Kenney v. Meadowview Nursing and Convalescent Center

308 N.J. Super. 565, 706 A.2d 295 (App. Div. 1998)
  • Opinion Date: March 3, 1998

EMPLOYER-EMPLOYEE; FAMILY LEAVE ACT; WORKER’S COMPENSATION—For the purpose of calculating the number of hours worked by an employee for eligibility under the Family Leave Act, regular hours for which an employee is compensated under worker’s compensation laws are to be counted.

An injury suffered on the job caused an employee to miss over 350 hours of work. When the employee returned to work, she was pregnant and sought information concerning her benefits under the employer’s family leave policy. The employer denied her the benefits of the Family Leave Act claiming she had not worked the required 1,000 hours during the previous 12 months. Although she had actually worked 974 hours during that period, the employer refused to give her credit for any of the hours she missed as a result of her injury. The employee filed a complaint alleging violation of the Act. The motion judge granted summary judgment for the employer after agreeing that the employee failed to meet the Act’s 1,000 hour requirement.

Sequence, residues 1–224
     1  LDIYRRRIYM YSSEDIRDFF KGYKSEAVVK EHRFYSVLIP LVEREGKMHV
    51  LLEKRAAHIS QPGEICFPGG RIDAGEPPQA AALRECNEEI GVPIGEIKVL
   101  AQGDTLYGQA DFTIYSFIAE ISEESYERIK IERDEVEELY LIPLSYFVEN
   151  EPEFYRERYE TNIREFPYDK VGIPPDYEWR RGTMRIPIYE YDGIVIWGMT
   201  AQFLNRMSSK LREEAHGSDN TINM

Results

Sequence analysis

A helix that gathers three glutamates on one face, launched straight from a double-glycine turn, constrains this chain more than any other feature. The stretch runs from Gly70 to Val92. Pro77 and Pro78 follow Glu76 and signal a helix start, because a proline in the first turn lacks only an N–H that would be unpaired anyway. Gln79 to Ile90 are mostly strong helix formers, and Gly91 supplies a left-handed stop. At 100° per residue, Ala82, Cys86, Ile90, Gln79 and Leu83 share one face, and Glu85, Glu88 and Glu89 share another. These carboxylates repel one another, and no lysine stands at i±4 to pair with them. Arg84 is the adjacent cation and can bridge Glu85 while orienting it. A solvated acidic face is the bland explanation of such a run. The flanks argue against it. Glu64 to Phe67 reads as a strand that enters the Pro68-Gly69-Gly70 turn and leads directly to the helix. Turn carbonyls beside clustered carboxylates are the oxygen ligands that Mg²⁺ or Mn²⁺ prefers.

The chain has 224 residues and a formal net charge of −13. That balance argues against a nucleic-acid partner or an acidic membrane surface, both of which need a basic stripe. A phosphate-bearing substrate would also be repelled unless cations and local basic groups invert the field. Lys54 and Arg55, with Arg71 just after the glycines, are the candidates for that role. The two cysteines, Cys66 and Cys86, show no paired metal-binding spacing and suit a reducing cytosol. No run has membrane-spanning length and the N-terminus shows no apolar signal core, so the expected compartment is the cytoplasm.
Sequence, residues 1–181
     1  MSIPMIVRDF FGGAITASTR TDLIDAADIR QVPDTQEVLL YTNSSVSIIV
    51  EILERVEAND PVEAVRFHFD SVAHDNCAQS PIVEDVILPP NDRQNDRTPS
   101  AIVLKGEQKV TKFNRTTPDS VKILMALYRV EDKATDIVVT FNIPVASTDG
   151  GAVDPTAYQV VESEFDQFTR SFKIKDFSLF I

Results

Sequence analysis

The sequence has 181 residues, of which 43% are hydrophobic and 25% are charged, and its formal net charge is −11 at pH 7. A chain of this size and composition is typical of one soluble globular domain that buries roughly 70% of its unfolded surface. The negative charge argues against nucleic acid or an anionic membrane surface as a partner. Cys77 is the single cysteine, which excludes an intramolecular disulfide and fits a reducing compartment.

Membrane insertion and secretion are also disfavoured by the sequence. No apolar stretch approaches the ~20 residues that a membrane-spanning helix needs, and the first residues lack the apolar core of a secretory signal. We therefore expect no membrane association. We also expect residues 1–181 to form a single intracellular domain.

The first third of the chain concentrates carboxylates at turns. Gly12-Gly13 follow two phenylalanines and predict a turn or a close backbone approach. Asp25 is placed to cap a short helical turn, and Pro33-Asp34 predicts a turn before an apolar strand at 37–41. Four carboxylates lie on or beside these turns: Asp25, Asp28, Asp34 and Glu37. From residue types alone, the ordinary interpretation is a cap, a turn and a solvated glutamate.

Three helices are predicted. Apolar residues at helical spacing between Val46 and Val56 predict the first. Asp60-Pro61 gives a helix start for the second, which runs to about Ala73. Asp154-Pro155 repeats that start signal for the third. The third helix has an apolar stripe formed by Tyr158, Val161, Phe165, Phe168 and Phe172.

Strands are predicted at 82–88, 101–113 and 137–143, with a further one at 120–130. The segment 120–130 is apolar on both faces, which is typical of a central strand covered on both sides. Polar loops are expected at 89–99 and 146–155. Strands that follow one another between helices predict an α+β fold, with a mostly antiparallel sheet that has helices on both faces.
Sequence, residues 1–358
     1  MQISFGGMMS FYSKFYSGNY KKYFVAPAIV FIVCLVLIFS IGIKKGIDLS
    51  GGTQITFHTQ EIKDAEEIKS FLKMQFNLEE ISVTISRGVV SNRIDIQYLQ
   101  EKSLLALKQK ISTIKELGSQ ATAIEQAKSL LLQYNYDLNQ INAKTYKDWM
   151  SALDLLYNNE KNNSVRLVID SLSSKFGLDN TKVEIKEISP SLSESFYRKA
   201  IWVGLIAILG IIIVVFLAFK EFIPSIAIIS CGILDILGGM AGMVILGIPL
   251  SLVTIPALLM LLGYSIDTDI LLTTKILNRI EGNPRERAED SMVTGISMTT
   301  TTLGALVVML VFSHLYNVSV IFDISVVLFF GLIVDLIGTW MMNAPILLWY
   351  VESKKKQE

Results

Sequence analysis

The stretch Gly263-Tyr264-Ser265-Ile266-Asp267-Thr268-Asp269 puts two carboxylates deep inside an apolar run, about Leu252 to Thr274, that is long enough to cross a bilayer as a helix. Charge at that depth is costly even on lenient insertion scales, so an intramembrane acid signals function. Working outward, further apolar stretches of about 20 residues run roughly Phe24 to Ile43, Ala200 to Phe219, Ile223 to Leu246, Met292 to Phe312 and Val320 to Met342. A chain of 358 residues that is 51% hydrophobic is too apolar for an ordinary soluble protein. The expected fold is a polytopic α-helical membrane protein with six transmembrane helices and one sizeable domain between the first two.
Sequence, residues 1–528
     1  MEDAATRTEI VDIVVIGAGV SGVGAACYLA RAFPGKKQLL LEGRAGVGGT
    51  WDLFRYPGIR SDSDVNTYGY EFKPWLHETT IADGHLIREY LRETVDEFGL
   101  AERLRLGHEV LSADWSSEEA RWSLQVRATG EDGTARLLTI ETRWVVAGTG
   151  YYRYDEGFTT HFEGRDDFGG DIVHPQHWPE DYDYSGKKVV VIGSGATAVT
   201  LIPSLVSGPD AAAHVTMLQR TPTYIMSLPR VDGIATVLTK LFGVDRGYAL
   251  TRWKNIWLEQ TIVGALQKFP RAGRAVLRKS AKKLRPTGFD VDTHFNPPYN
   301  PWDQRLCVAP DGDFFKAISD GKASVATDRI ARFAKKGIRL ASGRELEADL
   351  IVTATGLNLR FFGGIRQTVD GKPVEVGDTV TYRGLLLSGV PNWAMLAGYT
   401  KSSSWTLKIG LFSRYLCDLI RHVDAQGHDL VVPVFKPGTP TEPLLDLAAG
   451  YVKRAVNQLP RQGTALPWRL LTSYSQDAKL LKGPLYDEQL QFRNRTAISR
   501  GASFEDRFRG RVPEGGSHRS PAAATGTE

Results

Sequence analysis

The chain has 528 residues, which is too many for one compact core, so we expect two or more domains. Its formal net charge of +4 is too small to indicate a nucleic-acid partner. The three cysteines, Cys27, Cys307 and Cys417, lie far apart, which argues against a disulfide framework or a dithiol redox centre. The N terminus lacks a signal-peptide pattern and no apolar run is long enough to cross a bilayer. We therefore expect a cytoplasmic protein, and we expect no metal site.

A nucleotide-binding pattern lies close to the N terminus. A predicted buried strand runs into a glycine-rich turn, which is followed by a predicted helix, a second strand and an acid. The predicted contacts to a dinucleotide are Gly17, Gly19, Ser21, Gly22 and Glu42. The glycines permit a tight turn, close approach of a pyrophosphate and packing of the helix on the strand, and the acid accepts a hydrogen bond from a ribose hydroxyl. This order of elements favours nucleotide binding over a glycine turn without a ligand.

The Appellate Division first examined the legislative history behind the Family Leave Act, finding that the Act intends to promote the economic security of families by requiring that an employee be restored to the position held when the leave commenced. The Court disagreed with the employer that no credit should be given for the hours the employee had been unable to work due to her injury. The Court felt this was too narrow a view. Although the plain meaning of the Act’s use of the term “employee” did not expressly include or exclude credit for hours missed due to a job-related injury, the Court felt that the legislature did not intend to exclude an employee from the scope of the Act simply because a portion of the 1,000 hours was the result of a work-related injury. The Court also cited the principle of the Worker’s Compensation Act that requires compensation for work-related injuries and prohibits discrimination against an employee for claiming such benefits. After considering the Worker’s Compensation Act together with the Family Leave Act, and the legislative intent of each, the Court concluded that the employee had satisfied the 1,000 hour requirement and was eligible to receive benefits under the Family Leave Act.